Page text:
Son of Atlanta Shooting Victim Hyun Jung Grant Speaks Out, Recalls Their Last Moment Together

Randy Park's mother, Hyun Jung Grant, was one of eight people killed in a series of racially and sexually-motivated attacks in Atlanta

Hyun Jung Grant with sons (Randy Park)
Hyun Jung Grant with her sons . Photo: GoFundMe

Randy Park is speaking out after his mother, Hyun Jung Grant, was killed in Tuesday's spree shooting at three Atlanta-area spas.

Grant, 51 was one of eight people, six of whom were Asian women, killed in the racially and sexually-motivated attacks. The seven other victims are Soon Chung Park, 74, Suncha Kim, 69, Yong Ae Yue, 63, Xiaojie Yan, 49, Daoyou Feng, 44, Delaina Ashley Yuan, 33, and Paul Andre Michels, 54.

Investigators have arrested 21-year-old Robert Aaron Long in connection with the murders. His arraignment is scheduled for Thursday.

Park, 23, spoke about his late mother during a Friday interview with NBC News, recalling that on their last day together they danced, laughed and smiled while listening to an electronic music song Grant had recently discovered.

"She spent her whole life just existing for my brother and I. She never had time to travel," he said. "She would only be home a certain amount of days every few weeks."

Atlanta shooting memorials
A woman pays her respects at the site of one of the shootings. Elijah Nouvelage/Getty

When asked what he would tell her now, Park said, "You did a good job. You've done enough and finally get some sleep and rest."

Park created a GoFundMe page to help him and his brother cover food, rent and other monthly bills, in addition to funeral costs. He set a goal of $20,000, and the page garnered more than $2.3 million from over 60,000 individual donations in just one day.

"It's surreal. Otherworldly," Park said in an interview with ABC News. "To show and to see that all of you guys just want to see my mother put to rest easily and [for] me and my brother just [to] get another start means more than I could articulate in words."

"I've been sheltered and taken care of my whole life, and now I have to do the same for my brother," he said. "At night, when I try to sleep, that's when I just spend my time for myself to process everything. … I'm a trainwreck at night when I'm alone. But … anytime I have to be talking to someone or meeting with people and just working on sorting this mess out … I frankly don't have time to be upset. I have work to do."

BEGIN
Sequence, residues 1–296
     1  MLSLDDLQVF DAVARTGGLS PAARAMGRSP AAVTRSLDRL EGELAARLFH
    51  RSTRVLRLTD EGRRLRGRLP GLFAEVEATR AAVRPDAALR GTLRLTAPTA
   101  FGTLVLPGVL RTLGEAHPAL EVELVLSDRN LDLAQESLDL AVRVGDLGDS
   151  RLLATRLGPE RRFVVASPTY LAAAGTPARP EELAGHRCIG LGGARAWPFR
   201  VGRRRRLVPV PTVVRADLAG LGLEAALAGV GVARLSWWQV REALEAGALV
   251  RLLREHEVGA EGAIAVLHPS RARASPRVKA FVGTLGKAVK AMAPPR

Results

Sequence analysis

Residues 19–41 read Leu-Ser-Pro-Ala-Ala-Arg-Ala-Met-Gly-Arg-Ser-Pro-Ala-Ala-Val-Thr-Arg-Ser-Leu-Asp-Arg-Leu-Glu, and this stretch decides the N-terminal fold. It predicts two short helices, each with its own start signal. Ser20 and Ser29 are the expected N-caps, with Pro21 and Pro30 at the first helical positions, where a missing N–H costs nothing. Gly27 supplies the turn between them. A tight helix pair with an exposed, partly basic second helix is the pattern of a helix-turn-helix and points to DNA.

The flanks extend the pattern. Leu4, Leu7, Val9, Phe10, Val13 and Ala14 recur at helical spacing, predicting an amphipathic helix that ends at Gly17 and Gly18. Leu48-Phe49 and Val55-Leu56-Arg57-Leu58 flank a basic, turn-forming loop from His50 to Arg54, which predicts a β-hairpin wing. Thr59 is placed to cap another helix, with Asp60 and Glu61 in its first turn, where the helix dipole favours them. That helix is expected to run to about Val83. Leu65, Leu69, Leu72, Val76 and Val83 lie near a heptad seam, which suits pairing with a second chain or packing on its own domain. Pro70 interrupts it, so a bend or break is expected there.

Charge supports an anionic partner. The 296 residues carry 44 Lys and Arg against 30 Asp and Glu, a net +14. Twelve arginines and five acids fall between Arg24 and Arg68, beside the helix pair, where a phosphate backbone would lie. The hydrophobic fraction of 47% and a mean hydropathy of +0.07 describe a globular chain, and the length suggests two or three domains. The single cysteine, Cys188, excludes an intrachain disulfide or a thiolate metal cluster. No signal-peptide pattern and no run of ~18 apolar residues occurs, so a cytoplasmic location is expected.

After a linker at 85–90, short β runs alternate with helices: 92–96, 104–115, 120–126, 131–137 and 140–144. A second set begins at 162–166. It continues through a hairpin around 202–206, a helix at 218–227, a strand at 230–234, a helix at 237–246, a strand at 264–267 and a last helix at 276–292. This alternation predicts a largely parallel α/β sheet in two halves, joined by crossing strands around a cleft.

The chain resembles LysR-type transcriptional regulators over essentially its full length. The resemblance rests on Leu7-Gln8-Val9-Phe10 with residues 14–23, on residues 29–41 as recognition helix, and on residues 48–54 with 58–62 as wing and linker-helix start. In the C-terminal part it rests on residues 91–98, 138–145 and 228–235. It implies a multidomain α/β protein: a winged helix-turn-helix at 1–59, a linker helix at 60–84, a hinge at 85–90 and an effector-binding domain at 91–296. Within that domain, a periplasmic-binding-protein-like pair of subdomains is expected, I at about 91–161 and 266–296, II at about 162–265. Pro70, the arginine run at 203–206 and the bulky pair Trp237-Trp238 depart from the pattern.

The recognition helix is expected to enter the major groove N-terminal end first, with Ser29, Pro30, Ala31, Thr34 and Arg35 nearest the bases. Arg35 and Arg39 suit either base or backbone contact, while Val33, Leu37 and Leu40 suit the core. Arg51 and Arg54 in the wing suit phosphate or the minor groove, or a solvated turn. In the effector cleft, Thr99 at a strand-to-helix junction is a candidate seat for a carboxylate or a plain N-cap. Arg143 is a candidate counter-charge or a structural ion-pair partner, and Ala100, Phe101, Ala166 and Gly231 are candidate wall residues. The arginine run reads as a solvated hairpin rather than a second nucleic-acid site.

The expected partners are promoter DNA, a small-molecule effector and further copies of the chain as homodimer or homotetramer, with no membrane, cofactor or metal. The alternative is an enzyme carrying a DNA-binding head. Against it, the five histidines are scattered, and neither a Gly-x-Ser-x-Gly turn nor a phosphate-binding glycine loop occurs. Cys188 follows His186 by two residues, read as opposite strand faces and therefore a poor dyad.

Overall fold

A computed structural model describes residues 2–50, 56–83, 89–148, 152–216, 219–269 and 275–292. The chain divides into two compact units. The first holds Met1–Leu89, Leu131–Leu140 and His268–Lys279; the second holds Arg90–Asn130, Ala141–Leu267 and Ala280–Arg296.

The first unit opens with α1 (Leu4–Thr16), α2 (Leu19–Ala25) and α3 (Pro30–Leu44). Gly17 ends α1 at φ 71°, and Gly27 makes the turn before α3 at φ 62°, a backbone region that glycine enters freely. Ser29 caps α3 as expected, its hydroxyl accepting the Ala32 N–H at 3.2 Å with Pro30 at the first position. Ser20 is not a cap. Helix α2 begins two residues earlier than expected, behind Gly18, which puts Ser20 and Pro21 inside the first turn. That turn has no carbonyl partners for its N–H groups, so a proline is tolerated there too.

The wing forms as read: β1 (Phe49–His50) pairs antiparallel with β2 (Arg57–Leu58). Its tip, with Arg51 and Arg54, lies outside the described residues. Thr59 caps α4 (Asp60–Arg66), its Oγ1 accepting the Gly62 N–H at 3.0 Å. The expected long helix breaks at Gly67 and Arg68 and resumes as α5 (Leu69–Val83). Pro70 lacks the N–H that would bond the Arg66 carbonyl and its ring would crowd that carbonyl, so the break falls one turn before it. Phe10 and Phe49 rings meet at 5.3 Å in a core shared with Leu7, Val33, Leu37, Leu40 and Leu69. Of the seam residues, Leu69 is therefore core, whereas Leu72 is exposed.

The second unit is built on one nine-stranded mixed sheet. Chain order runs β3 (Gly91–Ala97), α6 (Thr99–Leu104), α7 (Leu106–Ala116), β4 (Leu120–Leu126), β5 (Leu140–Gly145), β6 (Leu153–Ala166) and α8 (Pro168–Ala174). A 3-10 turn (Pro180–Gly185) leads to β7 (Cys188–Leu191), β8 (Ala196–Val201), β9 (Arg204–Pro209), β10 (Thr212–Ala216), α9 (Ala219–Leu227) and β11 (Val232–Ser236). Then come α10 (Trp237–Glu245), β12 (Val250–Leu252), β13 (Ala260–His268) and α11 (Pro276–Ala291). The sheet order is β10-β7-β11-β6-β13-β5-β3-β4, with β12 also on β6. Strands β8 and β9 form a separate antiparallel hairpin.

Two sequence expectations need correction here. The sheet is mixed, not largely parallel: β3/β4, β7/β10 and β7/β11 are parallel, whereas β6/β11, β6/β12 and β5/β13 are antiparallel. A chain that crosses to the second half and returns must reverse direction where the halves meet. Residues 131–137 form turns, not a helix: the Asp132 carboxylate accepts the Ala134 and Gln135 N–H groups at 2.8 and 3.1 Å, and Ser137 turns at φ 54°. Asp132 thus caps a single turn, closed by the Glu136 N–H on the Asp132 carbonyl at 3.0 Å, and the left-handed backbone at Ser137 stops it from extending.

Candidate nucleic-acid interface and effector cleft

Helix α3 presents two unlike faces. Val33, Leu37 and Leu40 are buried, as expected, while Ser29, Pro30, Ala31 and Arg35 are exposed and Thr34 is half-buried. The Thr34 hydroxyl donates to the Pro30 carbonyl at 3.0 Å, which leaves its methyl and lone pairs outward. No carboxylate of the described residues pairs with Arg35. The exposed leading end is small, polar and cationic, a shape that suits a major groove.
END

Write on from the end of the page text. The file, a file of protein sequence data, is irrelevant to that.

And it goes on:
Park also cast doubt on the suspect's claim that his "sex addiction" fueled the attacks, not race.

"I believe two of the locations were next to each other down the street and the [other] one was in some other county. … Like a good drive away. If you blame it on sex addiction, but you choose to target specifically Asian locations and the victims being mostly of Asian descent, I can't help but … ask, does that make sense?" he said, before adding, "No, of course not."

The massacre comes at a time when violence against Asian Americans has been on the rise. A report released by Stop AAPI Hate revealed that there have been at least 3,795 hate incidents targeting the AAPI community from March 19, 2020, to Feb. 28, 2021. More than 500 of those incidences occurred in 2021.

"How many years has it been and these things still happen," Park told ABC News. "It is difficult and I do feel like I have a responsibility to speak on this. So even if there is a backlash, I understand why, but I think that may point to some sort of tolerance for what's happening and that's unacceptable."

To learn more and to report crimes, go to: Asian Americans Advancing Justice, Stop the AAPI Hate, National Council of Asian Pacific Americans, Asian Americans Advancing Justice-LA, and Asian Pacific Policy & Planning Council.

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